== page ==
Those who control these organizations and derive six- and even seven-figure compensation packages from their activities have personal and financial as well as social and political interests diametrically opposed to those of the workers. Trumka, King and the like see their role in helping to impoverish and speed up American workers as essential to convincing the corporations to bring jobs back to the US from cheap-labor countries such as China and Mexico. This is critical, from their standpoint, to halting and even reversing the decline in union membership rolls and the dues payments upon which their bank accounts depend.

For the same reason, the union leadership is wedded to the promotion of “America first” economic nationalism, trade war and imperialist aggression around the world. It ceaselessly lobbies the capitalist state to intervene against the international rivals of US corporations in order to protect its own selfish interests. In so doing, it works to block any unified struggle of American workers with their class brothers and sisters internationally and subordinate US workers to “their” employers.

A century ago, the right-wing president of the American Federation of Labor, Samuel Gompers, was asked what the labor movement wanted. He famously replied, “More.” Despite the anti-socialist and anti-revolutionary politics of the AFL, and the more privileged layers of workers it largely represented, the organization still sought to improve the wages conditions of its members. It could be described as a defensive organization of the working class.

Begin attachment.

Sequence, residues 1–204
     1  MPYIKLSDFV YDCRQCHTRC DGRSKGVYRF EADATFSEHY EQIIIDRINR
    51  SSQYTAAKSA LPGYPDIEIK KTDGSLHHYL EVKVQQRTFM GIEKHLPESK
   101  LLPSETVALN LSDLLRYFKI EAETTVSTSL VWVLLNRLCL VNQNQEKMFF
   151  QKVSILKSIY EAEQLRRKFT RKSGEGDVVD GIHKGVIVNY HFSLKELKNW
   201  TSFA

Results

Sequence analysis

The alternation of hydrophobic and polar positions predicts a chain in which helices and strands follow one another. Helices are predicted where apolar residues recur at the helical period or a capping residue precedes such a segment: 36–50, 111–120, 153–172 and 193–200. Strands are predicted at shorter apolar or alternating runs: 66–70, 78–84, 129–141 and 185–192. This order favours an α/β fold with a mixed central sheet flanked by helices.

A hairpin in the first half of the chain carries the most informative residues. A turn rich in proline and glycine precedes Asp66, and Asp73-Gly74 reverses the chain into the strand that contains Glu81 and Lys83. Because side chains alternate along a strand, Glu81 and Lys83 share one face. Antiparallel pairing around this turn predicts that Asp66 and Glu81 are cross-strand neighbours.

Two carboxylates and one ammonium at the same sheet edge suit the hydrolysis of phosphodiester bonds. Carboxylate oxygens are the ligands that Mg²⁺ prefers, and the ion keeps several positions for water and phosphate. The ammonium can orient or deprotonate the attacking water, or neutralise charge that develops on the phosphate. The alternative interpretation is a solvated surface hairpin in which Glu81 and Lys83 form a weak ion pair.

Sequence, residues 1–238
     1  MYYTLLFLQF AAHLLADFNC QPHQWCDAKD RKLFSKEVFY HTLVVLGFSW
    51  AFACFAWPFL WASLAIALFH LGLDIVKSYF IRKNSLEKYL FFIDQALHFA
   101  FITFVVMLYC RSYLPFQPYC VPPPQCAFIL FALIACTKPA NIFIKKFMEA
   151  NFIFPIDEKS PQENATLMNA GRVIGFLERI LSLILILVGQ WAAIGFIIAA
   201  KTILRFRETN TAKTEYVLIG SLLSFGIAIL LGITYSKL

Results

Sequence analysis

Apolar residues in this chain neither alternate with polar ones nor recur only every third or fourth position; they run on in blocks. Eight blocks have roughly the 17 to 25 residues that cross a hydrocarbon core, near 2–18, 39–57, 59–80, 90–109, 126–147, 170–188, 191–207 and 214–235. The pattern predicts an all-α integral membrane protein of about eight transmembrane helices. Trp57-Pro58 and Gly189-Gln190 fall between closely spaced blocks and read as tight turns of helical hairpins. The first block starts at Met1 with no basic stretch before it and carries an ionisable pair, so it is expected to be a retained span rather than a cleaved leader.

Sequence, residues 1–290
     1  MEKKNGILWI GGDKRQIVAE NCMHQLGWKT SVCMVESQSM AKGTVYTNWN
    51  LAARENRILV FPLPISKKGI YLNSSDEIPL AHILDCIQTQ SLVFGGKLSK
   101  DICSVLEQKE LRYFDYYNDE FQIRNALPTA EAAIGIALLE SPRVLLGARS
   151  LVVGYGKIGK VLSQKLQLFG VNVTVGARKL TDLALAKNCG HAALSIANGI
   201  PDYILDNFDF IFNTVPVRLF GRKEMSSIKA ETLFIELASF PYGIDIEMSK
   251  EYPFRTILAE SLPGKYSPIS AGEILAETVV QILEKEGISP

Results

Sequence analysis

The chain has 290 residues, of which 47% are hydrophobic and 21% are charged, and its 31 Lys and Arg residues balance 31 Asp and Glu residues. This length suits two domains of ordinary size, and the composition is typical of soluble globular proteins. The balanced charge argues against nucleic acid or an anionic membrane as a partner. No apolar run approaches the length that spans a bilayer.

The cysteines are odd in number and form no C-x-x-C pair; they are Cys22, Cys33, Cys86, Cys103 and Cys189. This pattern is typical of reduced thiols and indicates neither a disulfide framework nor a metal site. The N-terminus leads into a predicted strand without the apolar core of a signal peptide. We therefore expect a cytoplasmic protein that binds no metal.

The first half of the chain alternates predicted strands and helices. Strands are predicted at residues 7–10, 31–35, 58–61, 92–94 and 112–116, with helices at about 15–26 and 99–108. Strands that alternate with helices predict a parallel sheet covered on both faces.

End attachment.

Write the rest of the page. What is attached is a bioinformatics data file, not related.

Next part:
That has long since ceased to be the case with the present trade unions—not only in the US, but internationally. These organizations, completely bureaucratized and outside any control by the workers, have been transformed into corporatist labor syndicates. The wealthy reactionaries who run them—Trumka is listed as receiving $294,000 as AFL-CIO president last year (ten times the pay of a newly hired Big Three auto worker), King got $153,000 (five times the pay of his new Big Three members)—receive a significant cut of the profits sweated out of the workers in return for supplying a low-wage workforce.

The fight for jobs and decent wages requires a rebellion against these right-wing organizations and the building of new organizations of working class struggle based on a socialist and internationalist perspective.